The output signal generated by each comparator drives an enable control node on each of the sense amplifiers. If any one of the comparators 410 through 413 detects that there is a hashed address match for a given Way, the output signal from the comparator will enable the sense amplifiers for the corresponding Way in both Data Array 406 and Tag Array 408, resulting in a read of information stored in Data Array 406 and Tag Array 408. In this manner only the Way potentially comprising the desired information is read. By only enabling and reading data through sense amplifiers that are coupled to smaller sub-arrays, rather than coupled to the full memory array, the sense amplifiers of the preferred embodiments consume less power than would sense amplifiers coupled to all associative ways of the memory arrays.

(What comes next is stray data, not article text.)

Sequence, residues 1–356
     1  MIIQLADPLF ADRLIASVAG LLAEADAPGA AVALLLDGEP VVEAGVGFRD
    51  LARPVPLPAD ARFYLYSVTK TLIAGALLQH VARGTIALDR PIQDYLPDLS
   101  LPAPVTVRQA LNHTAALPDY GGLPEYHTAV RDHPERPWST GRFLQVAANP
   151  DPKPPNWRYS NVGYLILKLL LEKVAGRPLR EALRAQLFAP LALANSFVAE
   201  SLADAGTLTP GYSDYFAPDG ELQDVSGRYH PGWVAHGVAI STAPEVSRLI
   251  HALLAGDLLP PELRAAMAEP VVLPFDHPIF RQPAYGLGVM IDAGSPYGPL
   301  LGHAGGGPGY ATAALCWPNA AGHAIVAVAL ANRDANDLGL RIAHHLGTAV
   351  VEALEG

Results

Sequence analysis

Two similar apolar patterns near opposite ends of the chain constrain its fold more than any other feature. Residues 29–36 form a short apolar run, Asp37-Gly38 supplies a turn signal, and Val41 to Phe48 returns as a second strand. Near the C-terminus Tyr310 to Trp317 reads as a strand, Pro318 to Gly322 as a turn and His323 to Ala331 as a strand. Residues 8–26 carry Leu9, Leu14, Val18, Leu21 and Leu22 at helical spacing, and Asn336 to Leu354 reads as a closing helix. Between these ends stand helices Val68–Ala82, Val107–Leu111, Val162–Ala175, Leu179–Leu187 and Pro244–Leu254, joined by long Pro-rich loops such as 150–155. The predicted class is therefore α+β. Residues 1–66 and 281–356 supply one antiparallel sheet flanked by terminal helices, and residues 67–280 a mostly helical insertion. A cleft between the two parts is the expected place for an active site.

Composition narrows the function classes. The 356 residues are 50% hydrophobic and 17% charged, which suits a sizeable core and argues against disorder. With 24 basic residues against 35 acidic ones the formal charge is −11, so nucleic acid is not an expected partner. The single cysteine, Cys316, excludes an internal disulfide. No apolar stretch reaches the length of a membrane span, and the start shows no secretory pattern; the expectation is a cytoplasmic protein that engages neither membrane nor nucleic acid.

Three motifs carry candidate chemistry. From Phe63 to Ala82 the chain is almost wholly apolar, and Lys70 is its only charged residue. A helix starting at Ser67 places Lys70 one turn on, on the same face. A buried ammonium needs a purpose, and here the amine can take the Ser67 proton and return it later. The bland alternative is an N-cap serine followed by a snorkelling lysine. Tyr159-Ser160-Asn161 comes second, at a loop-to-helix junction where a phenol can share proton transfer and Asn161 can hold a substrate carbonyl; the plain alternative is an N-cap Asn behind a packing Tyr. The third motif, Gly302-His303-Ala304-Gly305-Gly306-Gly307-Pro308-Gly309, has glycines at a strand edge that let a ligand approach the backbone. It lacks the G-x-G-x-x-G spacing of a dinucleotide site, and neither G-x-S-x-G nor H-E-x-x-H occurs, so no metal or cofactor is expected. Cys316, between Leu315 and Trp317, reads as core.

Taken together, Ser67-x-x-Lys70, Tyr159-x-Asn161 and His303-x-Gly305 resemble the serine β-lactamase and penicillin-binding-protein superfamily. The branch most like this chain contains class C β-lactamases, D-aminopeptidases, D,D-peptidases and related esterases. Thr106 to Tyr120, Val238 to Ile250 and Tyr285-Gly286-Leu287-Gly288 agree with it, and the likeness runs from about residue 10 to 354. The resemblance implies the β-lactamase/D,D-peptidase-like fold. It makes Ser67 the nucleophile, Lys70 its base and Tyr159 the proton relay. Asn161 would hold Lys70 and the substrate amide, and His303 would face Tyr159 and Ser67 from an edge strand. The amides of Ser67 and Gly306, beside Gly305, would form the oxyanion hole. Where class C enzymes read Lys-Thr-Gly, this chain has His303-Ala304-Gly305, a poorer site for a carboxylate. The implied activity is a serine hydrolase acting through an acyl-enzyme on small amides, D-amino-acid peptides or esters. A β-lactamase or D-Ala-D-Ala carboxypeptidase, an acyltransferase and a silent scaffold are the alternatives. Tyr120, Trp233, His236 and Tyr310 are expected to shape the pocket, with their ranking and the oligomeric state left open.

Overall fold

Each of the data sense amplifiers 430-433 in Data Array 406 couple to data-select multiplexer (Data MUX) 447. The output signal from Data MUX 447 (Content Signal 450) is the information presented to the processor (instruction or data) from the selected Way. Each of the tag sense amplifiers 440-443 couple to tag-select multiplexer (Tag MUX) 448. Tag MUX 448 couples to physical address comparator 449, providing the comparator with a stored physical address from Tag Array 408. TLB 446 also couples to physical address comparator 449, providing a physical address that is compared with the stored physical address from Tag Array 408. The physical address provided by TLB 446 is mapped from a virtual address present on address bus 403. The mapping is performed in parallel to the accesses to the Ways of the HAB, Data, and Tag arrays such that an accessed physical address from the Tag Array 408 and a physical address provided by the TLB 446 may be contemporaneously presented to the physical address comparator 449 when a possible hit is detected. Physical address comparator 449 asserts Hit Signal 460 if the stored physical address from TAG Array 408 matches the physical address provided by TLB 446. If a hit is indicated, the information stored in Data Array 406 is the desired data, and the processor 300 may operate on the instruction or data thus accessed within the L1 cache 400.